Investigation of contemporary problems and practices in post-hurricane reconstruction in the commercial sector of the southeast region of the United States
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The thesis addresses the problems faced by contractors during the recovery and rebuilding process after hurricanes that struck the southeast region of the United States in 2004-2005 hurricane seasons. It also deals with the practices they normally use to solve such problems. First, through literature review, six possible problems were identified, which were then used to gather information about the major problems faced by the construction industry in post-hurricane projects. The possible problems were site logistics, material transportation, labor, political influences, building permits and site location. Data were then collected via surveys of 450 contractors involved in post-hurricane construction in Alabama, Florida, Louisiana, Mississippi, North Carolina, South Carolina and Texas. The analysis showed that three of those problems - site logistics, labor and material transportation were identified as major problems among the respondents. The remaining were considered as problems, but not major ones in post-hurricane reconstruction projects. The study recommends practices, such as better planning, scheduling, coordination, supply chain management and use of experienced site personnel, for tackling the problems of site logistics and material transportation. Outsourcing labor was one of the methods suggested to improving conditions with regards to labor problems. The research identifies the problems and provides a list of possible solutions to these problems, as used by the contractors of such projects. Therefore, by using the suggested practices, post-hurricane reconstruction projects can be beneficial for contractors, and the outlook towards these projects as being less profitable can be changed.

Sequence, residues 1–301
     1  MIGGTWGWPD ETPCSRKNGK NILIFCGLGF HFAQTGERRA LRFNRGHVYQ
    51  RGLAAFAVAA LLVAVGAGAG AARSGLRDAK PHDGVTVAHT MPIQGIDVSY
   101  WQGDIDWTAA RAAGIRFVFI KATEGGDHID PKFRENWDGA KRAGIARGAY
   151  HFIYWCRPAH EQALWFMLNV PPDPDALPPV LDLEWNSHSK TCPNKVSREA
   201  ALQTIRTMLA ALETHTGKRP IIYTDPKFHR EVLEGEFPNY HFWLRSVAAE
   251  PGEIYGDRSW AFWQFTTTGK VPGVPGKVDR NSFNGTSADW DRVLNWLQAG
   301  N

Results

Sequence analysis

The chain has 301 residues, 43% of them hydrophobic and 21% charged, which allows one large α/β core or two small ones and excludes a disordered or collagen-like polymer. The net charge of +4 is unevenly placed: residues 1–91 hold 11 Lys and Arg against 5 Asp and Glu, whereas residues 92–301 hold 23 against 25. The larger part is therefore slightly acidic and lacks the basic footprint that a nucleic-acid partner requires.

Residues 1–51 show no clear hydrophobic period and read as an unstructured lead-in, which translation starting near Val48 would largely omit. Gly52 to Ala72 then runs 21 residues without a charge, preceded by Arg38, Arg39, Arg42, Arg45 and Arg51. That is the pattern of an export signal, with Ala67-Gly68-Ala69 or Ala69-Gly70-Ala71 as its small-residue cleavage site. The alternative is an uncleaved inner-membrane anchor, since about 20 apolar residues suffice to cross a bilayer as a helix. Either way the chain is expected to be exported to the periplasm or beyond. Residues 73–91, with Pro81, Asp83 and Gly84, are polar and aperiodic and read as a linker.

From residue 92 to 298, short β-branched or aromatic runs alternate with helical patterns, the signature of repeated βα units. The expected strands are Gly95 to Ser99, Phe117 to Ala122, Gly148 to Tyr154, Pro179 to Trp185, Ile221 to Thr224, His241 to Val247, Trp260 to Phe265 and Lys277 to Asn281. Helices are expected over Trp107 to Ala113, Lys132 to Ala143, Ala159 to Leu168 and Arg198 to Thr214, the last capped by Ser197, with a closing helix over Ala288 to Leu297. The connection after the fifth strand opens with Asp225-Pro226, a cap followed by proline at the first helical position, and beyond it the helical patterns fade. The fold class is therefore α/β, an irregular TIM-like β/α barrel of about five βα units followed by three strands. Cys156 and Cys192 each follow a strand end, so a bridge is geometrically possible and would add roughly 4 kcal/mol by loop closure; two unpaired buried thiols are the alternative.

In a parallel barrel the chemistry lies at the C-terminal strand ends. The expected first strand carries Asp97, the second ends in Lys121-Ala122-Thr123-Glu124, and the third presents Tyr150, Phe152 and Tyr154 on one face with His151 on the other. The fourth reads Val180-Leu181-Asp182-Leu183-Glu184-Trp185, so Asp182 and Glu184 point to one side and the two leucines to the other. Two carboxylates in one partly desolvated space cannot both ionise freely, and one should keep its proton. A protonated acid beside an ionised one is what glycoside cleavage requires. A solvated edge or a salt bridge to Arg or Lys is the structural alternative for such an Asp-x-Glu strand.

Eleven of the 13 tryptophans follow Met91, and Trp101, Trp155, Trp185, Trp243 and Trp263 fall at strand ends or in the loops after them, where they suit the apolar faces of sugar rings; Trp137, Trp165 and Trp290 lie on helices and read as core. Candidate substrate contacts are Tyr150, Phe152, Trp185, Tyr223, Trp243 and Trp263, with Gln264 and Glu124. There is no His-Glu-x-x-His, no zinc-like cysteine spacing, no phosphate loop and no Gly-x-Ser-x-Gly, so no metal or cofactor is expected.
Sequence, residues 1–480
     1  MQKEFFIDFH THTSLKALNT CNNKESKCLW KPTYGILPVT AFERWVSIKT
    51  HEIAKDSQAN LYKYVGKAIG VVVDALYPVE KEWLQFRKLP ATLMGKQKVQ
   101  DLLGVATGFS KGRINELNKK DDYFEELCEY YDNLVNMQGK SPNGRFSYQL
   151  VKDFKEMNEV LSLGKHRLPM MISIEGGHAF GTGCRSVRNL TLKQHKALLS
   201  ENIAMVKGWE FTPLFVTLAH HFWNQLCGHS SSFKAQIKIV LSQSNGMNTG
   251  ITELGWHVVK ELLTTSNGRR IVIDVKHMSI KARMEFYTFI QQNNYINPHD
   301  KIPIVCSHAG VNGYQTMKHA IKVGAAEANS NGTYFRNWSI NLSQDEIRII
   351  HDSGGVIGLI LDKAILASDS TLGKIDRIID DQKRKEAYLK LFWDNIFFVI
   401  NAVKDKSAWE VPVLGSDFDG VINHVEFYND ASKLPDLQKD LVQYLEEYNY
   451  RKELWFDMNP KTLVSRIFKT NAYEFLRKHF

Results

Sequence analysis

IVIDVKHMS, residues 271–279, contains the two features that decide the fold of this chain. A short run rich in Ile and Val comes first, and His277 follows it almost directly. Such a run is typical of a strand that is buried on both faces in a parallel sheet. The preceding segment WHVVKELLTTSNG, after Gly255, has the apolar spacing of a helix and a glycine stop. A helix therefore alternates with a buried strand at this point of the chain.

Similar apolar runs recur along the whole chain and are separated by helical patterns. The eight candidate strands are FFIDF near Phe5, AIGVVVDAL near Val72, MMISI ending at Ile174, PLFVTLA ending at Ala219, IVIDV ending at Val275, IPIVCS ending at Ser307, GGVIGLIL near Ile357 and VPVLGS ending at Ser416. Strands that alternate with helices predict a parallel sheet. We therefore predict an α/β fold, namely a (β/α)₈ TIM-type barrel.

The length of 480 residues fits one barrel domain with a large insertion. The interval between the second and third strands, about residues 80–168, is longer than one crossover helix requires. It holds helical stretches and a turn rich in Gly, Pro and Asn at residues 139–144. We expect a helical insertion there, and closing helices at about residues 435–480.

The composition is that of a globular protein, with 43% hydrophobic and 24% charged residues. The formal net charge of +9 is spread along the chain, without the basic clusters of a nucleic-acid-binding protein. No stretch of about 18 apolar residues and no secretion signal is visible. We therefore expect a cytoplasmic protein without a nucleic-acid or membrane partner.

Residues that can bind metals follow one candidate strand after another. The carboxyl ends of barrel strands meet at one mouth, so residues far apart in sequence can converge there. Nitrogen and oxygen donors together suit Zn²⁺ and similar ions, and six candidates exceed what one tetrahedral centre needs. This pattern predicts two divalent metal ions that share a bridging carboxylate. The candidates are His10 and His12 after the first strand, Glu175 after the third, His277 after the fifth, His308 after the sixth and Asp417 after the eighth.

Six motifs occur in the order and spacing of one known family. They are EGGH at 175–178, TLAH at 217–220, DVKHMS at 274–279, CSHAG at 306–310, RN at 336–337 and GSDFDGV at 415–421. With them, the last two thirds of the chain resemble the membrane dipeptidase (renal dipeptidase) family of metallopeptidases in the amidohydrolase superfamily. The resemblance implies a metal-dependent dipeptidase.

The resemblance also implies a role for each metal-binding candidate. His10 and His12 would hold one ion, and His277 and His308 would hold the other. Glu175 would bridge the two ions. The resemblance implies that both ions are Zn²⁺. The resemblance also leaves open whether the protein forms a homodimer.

Bhattacharjee, Suchayita S. (2008). Investigation of contemporary problems and practices in post-hurricane reconstruction in the commercial sector of the southeast region of the United States. Master's thesis, Texas A&M University. Available electronically from